Aaah but you see, what Linden Lab just did was “raise the ante” (now I understand why Cory is so good at poker ;) ). First, to compete with Linden Lab, you’d need better graphics. Hard to do in 2002/3, very easy today. Then you needed a better grid-based technology allowing far better scalability. Again, very hard to do in 2002/3, but easy today (see OpenCroquet as an alternative to centralised distribution — it works nicely on paper ;) ). Then, you need users — ok, this is where everybody has a huge advantage over Linden Lab. Also, better content-creating tools that are even easier to use than LL’s in-built ones — one could argue that something like SketchUp (not available when Linden Lab started developing Second Life) is easier for most people.

Then — a stable economy with a million of US$ of transactions between users every day. Oops. This starts to become difficult.

Next — attract dozens (nay, hundreds) of corporations willing to set up virtual presences on a contiguous metaverse (as opposed to running their own, tiny ones). Another big “oops”. Sure, there are dozens of tools around there allowing this sort of thing (Multiverse, with 6 months or so of being in beta, will “soon” have a few games out using the platform; it’s by far not the only one). But… how many corporations are really using it? How many companies the size of IBM have a thousand employees daily using a “metaverse platform” as part of their job functions? And, asking the question in a different way: how long will it take to attract them? (Even Microsoft is developing an island in Second Life these days; Apple is the only major “techie” company which is apparently absent without a good reason)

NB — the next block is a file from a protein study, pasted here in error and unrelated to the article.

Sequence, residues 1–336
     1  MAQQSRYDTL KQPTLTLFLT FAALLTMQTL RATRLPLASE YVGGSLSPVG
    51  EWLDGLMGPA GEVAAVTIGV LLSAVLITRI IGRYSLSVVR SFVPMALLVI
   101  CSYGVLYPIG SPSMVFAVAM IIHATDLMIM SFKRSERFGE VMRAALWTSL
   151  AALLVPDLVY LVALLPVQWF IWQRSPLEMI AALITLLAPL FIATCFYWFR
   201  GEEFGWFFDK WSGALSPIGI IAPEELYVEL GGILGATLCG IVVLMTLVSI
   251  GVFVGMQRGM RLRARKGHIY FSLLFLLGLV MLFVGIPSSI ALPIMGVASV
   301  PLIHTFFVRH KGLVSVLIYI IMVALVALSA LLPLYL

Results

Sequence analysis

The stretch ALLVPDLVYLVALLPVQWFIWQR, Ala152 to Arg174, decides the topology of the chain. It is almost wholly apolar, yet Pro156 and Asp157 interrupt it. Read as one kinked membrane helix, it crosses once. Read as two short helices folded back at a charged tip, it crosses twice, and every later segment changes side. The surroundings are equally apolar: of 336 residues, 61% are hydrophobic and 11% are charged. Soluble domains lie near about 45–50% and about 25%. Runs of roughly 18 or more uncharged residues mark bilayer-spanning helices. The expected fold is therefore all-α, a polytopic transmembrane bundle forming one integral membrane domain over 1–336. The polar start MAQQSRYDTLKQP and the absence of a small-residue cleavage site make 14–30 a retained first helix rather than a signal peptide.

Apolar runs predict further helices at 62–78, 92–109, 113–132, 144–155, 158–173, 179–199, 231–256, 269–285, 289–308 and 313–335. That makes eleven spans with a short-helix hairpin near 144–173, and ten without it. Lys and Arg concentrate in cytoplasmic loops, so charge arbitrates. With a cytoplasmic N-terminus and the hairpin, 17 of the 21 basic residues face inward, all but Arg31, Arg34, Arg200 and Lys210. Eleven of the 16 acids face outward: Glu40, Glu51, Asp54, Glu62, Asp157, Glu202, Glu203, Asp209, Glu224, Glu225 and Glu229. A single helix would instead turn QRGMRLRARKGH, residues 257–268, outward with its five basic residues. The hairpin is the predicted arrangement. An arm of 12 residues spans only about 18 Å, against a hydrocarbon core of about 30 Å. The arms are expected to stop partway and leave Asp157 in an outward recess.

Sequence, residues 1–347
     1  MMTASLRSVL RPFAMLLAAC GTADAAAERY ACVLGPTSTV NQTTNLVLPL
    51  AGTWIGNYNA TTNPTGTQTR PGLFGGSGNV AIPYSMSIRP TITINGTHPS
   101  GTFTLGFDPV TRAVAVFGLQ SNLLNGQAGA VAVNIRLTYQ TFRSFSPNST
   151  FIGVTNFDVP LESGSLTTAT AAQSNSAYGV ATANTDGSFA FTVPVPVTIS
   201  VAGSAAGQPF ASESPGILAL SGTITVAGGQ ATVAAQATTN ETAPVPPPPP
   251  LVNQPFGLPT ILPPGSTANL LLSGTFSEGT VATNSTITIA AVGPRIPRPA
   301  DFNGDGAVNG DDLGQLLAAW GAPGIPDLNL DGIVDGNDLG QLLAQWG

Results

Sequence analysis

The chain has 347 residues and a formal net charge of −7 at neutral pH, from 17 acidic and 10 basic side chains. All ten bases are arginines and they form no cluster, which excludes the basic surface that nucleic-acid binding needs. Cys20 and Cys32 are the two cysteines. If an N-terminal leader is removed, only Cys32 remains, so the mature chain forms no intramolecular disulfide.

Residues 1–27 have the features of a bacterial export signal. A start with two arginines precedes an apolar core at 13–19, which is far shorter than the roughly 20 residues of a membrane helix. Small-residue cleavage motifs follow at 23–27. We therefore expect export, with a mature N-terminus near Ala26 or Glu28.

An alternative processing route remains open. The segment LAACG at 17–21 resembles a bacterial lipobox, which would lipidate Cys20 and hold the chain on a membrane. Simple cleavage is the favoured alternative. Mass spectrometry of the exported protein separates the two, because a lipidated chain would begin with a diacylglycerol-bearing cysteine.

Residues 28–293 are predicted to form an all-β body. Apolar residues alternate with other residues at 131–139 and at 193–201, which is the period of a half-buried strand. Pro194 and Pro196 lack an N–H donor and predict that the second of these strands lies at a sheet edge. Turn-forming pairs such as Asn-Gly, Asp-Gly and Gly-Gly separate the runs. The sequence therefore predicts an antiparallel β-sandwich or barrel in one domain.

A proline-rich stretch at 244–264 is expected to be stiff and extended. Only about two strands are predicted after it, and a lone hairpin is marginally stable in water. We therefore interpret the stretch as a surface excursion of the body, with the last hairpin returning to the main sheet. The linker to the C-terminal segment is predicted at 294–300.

So, the last blow was making the client open source.

What this means is that any successful competitor will need to beat Linden Lab on all the above and do it during a timeframe while Second Life will continue its explosive growth. It seems less and less likely, even with huge and massive investments behind it — and a far sounder business model to support those long-term investments. After all, the post-dot-com VC firms are not so keen any more in having “very long-term” ROIs. A few are — Amazon, eBay, Google. Two of them are major investors in Linden Lab already :)

Does this mean that there is no room for “competition”? No. I could very much imagine Yahoo swallowing up IMVU, partner with Google, integrate SketchUp inside IMVU and put everything on Google Earth — and you’ll have a Metaverse in about a year or so (always in perpetual Beta :) ) sponsored by Google AdSense and Yahoo Adverts. Well, that could happen “overnight” and swallow up Second Life in a year or two if they released the client as open source, too.

Would they do it? I think not. A wise CEO at Yahoo and Google will simply wait a bit, assign a task force to play around with the now released source code for the client, and create a “Yahoo/Google SL-compatible client” instead. Imagine a client where the in-world search would actually work but to see the blindingly fast results of that search, you’d have to watch ads. LL never caught on that insane idea. Yahoo and Google might thing that targetting something for a 2.4 million account market (never mind how many are returning users…) will probably pay the costs of developing it :)


*This is at least partly why a Linux OS has been a failure at market.

What universe do you live in? Oh wait it’s the one filled with ping wangs..never mind..


Umm, I haven’t used second life for more than about 15 minutes, but as I undestand it, it’s the client, not the server that’s being open sourced. That means there will be multiple clients, but unless someone reverse-engineers the entire server, there will only be one second life universe.

What you probably will end up with is a lot of really annoying spambots who walk up to you and try to sell you viagra every 20 seconds.